I am a renter in a house that is not subject to any kind of rent control. I added a roommate to my home with my landlord's permission (over the phone, not in writing). I made the deal with the roommate and collect his rent, and forward the entire rent to the landlord. The roommate has worn out his welcome with unsavory friends coming over several nights a week, often staying over, and nearly constant shrieky music. No written agreement between him and me, or him and the landlord, I'm afraid. I'm assuming I don't have standing to serve a notice to quit. Do I? I've heard of landlords bifurcating leases and evicting some tenants while allowing others to remain. Is that the best way to get rid of the guy? (Landlord is on board -- the guy is a liability.)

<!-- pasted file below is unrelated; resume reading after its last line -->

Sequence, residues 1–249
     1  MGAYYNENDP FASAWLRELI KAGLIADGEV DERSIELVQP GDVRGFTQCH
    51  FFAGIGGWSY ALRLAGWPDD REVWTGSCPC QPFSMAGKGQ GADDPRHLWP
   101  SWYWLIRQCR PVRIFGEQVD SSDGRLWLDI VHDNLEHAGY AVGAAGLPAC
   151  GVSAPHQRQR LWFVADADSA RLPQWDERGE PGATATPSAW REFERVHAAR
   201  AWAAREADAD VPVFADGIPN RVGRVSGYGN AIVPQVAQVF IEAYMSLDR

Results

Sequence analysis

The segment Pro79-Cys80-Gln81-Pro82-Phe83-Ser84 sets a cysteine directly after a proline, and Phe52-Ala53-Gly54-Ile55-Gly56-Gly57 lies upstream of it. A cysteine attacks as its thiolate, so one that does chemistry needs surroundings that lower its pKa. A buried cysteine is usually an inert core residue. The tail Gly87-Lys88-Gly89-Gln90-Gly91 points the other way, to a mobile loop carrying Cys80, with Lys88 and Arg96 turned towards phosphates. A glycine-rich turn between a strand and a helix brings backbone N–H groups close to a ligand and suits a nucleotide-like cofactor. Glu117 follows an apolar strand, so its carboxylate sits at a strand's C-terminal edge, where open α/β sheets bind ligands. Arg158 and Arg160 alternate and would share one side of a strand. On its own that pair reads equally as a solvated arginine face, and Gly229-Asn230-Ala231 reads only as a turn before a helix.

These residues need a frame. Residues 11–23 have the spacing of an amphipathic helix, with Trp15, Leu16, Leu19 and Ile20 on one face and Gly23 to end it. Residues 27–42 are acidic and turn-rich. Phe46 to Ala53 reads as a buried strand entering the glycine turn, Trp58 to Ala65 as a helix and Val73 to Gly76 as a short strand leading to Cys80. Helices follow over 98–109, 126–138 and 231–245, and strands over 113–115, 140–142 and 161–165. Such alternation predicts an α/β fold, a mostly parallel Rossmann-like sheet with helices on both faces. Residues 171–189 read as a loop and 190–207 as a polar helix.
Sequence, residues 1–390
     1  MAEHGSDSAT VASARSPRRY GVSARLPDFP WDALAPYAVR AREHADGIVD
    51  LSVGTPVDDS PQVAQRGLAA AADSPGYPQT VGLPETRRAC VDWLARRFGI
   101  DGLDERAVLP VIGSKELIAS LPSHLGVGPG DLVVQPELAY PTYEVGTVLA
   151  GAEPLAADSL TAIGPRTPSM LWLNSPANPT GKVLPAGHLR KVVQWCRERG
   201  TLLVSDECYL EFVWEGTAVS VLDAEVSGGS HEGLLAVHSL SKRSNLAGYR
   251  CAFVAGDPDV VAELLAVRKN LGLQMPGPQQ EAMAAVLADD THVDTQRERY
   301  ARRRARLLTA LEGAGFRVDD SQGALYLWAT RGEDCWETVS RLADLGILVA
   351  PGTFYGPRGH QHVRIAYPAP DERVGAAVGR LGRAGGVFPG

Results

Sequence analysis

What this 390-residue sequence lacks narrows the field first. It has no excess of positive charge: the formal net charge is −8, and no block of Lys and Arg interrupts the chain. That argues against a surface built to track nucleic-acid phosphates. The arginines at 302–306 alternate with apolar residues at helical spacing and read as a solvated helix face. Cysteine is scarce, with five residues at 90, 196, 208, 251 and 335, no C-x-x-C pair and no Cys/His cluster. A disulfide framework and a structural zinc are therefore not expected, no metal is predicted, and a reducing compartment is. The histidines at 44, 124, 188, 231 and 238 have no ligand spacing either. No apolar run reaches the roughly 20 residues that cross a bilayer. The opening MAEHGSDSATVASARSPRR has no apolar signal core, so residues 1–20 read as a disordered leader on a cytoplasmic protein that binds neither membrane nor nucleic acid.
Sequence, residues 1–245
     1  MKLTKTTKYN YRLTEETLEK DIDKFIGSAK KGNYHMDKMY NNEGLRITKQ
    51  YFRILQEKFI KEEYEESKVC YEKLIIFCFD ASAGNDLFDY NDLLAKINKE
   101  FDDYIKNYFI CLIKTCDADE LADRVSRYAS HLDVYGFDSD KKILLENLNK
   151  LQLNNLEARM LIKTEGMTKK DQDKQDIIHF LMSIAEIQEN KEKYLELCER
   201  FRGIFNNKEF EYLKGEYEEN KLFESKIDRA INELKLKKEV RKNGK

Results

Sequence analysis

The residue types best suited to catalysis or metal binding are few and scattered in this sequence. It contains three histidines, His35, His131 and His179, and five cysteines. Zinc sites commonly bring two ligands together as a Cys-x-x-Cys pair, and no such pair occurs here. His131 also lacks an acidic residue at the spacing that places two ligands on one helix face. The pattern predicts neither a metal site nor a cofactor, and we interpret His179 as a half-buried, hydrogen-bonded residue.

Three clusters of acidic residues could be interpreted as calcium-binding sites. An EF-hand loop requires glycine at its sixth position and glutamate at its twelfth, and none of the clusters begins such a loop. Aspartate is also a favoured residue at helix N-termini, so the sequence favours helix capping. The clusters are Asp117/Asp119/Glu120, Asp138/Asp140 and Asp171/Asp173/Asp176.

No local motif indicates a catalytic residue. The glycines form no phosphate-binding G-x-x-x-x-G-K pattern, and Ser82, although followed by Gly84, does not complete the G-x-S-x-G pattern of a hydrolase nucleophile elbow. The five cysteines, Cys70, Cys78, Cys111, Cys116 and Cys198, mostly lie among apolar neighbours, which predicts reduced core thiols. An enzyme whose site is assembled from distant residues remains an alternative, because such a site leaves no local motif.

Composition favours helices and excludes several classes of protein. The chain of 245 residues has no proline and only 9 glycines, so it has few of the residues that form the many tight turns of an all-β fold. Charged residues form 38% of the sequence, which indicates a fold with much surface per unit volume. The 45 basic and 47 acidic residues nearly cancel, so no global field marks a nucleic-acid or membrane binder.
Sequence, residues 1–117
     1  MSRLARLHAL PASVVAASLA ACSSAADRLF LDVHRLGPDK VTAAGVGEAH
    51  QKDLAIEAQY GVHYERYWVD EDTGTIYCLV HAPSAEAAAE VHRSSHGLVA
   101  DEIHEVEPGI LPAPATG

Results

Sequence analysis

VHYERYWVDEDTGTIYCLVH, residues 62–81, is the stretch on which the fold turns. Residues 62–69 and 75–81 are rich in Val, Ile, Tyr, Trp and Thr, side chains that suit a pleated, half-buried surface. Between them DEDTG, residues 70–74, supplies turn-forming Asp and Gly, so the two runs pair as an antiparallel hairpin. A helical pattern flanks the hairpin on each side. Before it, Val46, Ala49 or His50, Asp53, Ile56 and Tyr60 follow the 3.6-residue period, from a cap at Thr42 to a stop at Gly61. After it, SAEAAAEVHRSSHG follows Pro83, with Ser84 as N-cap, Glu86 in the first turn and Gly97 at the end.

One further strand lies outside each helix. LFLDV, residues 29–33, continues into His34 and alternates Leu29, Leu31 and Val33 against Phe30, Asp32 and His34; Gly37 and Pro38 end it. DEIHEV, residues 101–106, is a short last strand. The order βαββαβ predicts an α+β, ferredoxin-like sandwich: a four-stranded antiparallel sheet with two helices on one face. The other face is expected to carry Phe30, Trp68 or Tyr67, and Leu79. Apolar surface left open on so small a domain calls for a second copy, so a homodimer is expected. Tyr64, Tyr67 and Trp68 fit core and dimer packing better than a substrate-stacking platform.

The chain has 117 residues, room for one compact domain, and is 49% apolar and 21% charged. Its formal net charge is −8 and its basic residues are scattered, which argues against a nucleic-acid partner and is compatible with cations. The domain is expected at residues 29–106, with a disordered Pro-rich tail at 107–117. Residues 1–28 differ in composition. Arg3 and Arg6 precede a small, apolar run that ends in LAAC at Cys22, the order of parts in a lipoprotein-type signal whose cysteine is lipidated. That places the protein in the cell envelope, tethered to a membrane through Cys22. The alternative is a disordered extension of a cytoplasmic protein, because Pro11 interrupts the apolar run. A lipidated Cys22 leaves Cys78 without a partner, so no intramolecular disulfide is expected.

Because the Landlord did not have any agreements with your room mate you alone can evict him directly. However if you fail to perform the landlord can evict you and every one that occupies your unit. You have to file the unlawful Detainer to evict your roommate.
To expand on what Mr. Uzoh said, you are considered your roommate's landlord as what you have a is a master tenant and sub tenant situation. You do have a legally enforceable oral agreement for the roommate's rental. In such situations, the master tenant is treated as the landlord with respect to the sub tenant. This means you will need to serve your roommate a notice of termination, giving either 30 or 60 days' notice depending on how long has been living there (30 days if he has lived there for less than 1 year and 60 days if he has lived there for more than 1 year). You will need to go through the eviction process (the unlawful detainer action) in order to properly evict him (if he does not vacate as required by the notice of termination). You should consult an attorney for assistance.
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